Before we begin, here are some terms which you should familiarise yourself with.
Bacteria are cellular, prokaryotic and reproduce asexually via binary fission, allowing for the rapid growth under favourable conditions. Many can form endospores which are resistant to extreme conditions, have a thick capsule which helps to overcome the host’s defences and have a cell wall. They cause disease by disrupting the functioning of some cells or organs of the body, producing toxins, interfering with the host’s immune system and disrupting normal signal transduction in the cell. They also have extra chromosomal pieces of circular DNA called plasmids which can be exchanged between bacteria. Some examples of diseases caused by bacteria include tetanus, whooping cough, meningococcal, salmonella and tuberculosis.
Antibiotics are naturally occurring products which target cellular structures of bacteria. They are either bacteriostatic which inhibit growth or are bactericidal which kill. They mainly target protein or cell wall synthesis.
Sensitivity tests are used to determine which antibiotic is the most effective for a known bacteria species. A clear zone around the antibiotic disc indicates that the bacteria is sensitive. If there is no clear zone, then it is resistant. It is important to note that even if the area surrounding the antibiotic disc is the greatest, that is not indicative of it being the preferred or most effective in the body – as it was tested under laboratory conditions. Varying internal environments can affect the functioning of the antibiotic, for example, the children of pregnant women who have taken tetracycline can cause discolouration of their teeth.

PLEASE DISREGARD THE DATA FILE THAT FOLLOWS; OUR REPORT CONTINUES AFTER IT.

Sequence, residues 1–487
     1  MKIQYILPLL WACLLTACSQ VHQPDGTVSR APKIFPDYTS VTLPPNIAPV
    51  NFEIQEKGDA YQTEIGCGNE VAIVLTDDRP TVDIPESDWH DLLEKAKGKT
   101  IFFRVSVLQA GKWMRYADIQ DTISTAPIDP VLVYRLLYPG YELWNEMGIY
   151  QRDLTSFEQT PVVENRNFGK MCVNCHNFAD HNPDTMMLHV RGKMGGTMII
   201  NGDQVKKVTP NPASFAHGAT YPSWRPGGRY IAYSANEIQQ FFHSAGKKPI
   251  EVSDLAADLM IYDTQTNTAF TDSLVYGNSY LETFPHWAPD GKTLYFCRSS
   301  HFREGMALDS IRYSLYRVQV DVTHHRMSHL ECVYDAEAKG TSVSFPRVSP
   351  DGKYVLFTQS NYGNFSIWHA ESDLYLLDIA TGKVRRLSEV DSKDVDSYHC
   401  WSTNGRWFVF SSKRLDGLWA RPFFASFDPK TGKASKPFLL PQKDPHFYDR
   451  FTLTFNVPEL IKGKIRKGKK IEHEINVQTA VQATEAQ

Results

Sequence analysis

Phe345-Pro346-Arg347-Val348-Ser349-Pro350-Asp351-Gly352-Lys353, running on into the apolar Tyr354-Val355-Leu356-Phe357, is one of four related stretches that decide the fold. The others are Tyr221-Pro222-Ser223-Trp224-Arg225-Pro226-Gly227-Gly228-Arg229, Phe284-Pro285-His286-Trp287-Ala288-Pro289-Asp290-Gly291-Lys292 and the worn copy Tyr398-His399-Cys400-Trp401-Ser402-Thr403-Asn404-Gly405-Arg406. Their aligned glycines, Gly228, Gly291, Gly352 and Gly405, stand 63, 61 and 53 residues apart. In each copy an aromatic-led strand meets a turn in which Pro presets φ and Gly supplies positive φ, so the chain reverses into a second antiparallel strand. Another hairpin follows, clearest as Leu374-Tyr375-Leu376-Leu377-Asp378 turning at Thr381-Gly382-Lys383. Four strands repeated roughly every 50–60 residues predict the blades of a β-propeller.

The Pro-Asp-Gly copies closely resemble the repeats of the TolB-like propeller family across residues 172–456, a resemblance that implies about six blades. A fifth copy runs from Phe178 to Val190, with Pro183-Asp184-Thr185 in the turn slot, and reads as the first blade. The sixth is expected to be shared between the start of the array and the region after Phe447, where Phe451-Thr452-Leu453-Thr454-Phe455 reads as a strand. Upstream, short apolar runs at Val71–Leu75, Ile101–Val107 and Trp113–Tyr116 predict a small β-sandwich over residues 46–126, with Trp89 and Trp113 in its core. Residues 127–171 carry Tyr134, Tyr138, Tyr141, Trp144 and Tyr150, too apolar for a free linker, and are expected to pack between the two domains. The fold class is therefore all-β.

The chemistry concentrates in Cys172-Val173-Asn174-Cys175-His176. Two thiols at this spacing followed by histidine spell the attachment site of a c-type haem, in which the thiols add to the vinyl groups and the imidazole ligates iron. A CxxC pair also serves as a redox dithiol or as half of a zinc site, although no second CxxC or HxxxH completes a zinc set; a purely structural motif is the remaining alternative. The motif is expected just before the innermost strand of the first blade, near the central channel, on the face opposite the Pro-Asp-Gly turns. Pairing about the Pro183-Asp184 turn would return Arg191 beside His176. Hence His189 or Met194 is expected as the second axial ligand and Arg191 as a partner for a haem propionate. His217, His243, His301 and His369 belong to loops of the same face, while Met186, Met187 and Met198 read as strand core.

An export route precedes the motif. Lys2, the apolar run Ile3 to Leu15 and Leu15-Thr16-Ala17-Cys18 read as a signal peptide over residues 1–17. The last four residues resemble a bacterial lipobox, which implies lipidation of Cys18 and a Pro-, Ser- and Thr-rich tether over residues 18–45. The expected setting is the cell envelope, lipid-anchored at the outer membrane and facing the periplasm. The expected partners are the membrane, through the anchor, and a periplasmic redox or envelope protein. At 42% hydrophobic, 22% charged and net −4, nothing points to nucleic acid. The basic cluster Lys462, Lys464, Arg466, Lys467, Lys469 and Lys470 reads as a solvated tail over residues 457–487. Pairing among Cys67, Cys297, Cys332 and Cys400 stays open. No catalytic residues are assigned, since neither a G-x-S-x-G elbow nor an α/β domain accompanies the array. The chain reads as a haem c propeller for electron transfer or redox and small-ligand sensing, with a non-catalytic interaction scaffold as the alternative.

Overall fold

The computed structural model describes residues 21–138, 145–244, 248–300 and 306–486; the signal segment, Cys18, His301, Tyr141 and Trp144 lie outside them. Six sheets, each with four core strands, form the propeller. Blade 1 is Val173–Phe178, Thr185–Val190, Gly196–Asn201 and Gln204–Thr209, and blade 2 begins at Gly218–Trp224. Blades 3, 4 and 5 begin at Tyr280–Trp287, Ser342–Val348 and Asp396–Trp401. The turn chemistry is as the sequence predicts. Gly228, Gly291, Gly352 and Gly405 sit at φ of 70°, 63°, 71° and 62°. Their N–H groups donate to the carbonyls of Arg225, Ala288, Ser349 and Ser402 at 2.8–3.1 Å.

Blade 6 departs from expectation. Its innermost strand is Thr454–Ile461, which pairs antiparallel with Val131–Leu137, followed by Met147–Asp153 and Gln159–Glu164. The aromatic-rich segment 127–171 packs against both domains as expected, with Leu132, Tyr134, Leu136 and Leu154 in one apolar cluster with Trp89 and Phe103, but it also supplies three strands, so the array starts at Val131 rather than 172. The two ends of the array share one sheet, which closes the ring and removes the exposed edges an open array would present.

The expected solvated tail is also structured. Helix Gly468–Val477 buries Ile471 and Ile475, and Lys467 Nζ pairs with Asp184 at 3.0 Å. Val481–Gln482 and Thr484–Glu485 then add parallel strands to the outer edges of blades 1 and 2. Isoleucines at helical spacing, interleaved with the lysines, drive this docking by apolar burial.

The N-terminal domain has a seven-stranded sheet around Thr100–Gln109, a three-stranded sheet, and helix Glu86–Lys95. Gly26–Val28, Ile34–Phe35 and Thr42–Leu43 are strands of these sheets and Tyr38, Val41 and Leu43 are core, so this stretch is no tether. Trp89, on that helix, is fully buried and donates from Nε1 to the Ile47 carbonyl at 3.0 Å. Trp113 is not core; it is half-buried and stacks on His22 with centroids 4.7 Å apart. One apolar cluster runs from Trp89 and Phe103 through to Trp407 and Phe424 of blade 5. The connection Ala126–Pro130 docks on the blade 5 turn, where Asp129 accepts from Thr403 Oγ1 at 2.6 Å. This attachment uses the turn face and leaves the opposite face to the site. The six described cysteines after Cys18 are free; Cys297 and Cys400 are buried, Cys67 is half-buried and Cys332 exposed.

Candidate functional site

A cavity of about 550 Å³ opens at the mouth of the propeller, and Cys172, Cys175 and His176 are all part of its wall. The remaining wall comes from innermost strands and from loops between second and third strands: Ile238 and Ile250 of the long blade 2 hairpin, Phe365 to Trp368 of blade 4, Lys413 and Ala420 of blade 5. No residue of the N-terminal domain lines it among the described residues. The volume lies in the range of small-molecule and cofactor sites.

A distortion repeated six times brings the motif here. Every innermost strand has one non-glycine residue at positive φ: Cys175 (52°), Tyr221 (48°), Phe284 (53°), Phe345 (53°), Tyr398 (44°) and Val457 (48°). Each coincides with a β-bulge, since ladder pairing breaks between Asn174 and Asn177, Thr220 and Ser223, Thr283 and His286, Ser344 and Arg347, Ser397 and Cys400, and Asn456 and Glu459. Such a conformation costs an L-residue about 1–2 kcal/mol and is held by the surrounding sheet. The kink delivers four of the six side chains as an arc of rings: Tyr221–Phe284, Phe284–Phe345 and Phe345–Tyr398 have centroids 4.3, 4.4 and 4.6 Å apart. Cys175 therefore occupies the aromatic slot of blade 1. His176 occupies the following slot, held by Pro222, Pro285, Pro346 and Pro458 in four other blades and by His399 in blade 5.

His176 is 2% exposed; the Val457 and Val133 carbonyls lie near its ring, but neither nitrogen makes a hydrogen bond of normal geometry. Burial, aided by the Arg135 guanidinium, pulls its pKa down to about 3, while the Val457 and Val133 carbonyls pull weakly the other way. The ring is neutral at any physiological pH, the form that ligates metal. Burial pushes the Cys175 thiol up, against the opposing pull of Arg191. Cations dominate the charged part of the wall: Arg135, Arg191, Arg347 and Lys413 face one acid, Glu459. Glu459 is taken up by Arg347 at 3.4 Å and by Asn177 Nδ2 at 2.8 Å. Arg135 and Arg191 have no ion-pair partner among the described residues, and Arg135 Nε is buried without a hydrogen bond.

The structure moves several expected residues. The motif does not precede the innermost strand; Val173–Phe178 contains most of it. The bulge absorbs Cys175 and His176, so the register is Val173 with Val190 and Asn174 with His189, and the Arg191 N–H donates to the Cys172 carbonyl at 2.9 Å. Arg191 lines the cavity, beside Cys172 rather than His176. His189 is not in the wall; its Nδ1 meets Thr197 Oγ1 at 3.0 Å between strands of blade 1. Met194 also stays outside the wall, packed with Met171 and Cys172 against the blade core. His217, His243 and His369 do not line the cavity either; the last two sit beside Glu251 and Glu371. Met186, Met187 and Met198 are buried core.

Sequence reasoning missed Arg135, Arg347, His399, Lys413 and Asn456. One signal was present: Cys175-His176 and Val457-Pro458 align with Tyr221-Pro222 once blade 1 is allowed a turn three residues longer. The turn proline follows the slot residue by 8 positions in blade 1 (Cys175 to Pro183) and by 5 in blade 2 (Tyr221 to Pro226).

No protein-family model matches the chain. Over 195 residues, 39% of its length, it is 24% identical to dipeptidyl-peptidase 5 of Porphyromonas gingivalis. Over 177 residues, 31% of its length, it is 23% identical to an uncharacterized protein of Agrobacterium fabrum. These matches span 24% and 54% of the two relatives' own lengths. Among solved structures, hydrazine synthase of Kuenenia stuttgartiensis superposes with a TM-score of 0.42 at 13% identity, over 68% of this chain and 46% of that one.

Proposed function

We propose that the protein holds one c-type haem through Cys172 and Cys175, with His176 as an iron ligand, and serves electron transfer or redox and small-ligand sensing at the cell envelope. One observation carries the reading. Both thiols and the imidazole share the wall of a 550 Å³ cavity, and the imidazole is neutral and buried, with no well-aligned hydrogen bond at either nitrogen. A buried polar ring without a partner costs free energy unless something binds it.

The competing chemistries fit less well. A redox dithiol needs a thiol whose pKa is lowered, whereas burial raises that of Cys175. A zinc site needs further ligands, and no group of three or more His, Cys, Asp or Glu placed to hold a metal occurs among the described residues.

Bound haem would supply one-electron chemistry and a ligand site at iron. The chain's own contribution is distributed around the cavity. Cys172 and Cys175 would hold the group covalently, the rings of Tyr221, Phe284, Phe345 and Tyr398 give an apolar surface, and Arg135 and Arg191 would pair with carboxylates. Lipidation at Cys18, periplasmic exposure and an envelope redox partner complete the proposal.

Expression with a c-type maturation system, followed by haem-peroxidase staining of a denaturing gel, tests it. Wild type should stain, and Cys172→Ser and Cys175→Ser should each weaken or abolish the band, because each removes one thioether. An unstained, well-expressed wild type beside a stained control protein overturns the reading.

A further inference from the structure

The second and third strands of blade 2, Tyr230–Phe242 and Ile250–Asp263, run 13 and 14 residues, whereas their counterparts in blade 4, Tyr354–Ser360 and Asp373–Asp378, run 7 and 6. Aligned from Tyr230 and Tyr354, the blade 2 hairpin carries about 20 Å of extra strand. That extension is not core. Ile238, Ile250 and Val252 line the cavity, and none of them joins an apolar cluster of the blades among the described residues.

A sterile environment is something totally clean and free from pathogens. Sterilisation is the act of killing all pathogens in a designated area. It can be achieved by radiation, which consists of UV rays and gamma rays, autoclaving, which uses high temperatures to kill pathogens, and filtration
Viruses are non-cellular agents and are all obligate intracellular parasites which are not strictly living as they lack metabolic pathways and can only replicate within a host cell. All viral particles have a protein shell called a capsid which surrounds the genetic material – either DNA or RNA. Together they form a nucleocapsid. Naked viruses contain only a nucleocapsid and are released by the infected cell after the cell lyses while enveloped viruses are released from infected cells by budding. Some viruses e.g. bacteriophages, inject their nucleic acid into the host cells and change the host cell’s genome to produce viral particles. Otherwise they may enter the cell and replicate in the cytosol.
Normal prions consist mainly of alpha helixes, however if they encounter an abnormal prion protein, one that consists mainly of beta pleated sheets, then it will cause the normal protein to unfold and then refold abnormally. Prions cannot be digested into amino acids because we do not have the relevant enzymes and they are heat resistant. Therefore, they cause the degeneration of the brain as nerve cells die and are replaced with holes
A parasite is an organism that completes some part of its life cycle in another organism. It does not necessarily cause disease while infecting the host. But those parasites that cause damage are said to be pathogenic. For example, malaria is caused by a parasite and humans become infected when bitten by a female mosquito